Croatia’s INA Turns to Net Loss in 2013 With Syrian Income GoneJasmina Kuzmanovic
INA Industrija Nafte d.d., the Croatian refiner controlled by Hungary’s Mol Nyrt., reported its first annual net loss in four years as continued recession stymied the company’s efforts to make up for lost income from Syria.
Net loss in 2013 was 1.5 billion kuna ($268 million), compared with profit of 681 million kuna in 2012, while revenue declined 8 percent to 27.4 billion kuna from a year earlier, the company said in a regulatory statement today. Earnings before interest, taxes, depreciation and amortization fell to 3.7 billion kuna from 4.6 billion kuna a year earlier, the company said.
“It was a difficult year due to recession in key markets, while the situation in Syria also moved in the negative direction,” Zoltan Aldott, the head of INA’s management board, said in a statement distributed to reporters in Zagreb.
The results are the first full-year loss for the country’s largest energy company since 2009. INA halted its profitable gas and oil business in Syria in February 2012 to comply with European Union policy on the civil war-torn Middle Eastern country. The economy of Croatia, which joined the EU in July, hasn’t grown since 2008.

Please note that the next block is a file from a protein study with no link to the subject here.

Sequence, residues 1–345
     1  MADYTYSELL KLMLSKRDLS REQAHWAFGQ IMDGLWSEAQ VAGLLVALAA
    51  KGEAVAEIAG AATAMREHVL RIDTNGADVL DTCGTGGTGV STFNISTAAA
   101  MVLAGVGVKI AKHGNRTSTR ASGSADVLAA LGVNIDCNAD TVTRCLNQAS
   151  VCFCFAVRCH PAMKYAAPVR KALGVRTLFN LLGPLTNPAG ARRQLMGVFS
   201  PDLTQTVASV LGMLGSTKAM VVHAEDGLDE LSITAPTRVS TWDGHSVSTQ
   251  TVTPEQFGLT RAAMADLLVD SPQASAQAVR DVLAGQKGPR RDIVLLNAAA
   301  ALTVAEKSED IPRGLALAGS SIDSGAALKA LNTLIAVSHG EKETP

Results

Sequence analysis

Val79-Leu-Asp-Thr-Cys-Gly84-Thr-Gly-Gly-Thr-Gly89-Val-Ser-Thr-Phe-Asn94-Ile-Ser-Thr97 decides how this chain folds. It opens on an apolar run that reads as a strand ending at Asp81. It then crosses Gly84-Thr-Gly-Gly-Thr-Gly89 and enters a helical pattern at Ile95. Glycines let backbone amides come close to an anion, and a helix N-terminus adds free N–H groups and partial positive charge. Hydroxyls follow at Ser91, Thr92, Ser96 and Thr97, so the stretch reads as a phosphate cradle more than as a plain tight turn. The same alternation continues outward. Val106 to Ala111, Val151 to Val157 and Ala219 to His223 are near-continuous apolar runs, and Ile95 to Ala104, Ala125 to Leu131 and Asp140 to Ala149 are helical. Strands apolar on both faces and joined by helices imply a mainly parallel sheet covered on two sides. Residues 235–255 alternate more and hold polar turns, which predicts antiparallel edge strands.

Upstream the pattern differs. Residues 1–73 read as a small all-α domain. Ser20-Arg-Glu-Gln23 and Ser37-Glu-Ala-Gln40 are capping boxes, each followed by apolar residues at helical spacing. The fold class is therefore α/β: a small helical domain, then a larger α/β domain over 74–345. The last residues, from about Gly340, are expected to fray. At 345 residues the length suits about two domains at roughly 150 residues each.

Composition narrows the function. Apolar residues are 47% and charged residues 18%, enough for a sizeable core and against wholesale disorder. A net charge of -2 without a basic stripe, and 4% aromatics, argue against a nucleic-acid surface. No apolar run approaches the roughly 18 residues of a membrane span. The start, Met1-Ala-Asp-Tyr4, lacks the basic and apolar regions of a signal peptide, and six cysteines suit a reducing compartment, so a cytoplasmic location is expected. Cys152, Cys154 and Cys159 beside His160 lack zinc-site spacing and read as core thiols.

Net income before adjusting for Syrian losses was 953 million kuna in 2013, the company said.
INA is also Croatia’s fourth-biggest employer and one of the country’s biggest investors. It has spent about 17 billion kuna in the last decade to expand its operations. In addition to 11 exploration and land-based production plants and 19 off-shore platforms in the northern Adriatic that it jointly owns with Italy’s ENI SpA and Edison SpA, INA has production facilities in Syria, Egypt and Angola.
The company this year plans to increase output from its existing fields and take new projects abroad, Aldott told reporters in Zagreb, adding the company is also “examining acquisition possibilities.”
The Zagreb-based refiner may also participate in Croatia’s tender for oil and gas research in the Adriatic Sea, expected to be announced after April.
“Depending on the size of blocks offered and economic conditions, it would be good to participate in the tenders, probably with partners,” Aldott said.
Mol owns 49.1 percent of the Zagreb-based refiner, while the Croatian government holds a 44.84 percent stake. In the last two years, Croatia has attempted to increase its influence in INA, after Mol won controlling rights in 2009.
The two sides have been in talks over the company’s future since September and both have filed arbitration claims. Mol said on Oct. 3 it may consider selling its stake in the company, while Croatia said on Jan. 31 it may also consider looking for a new partner.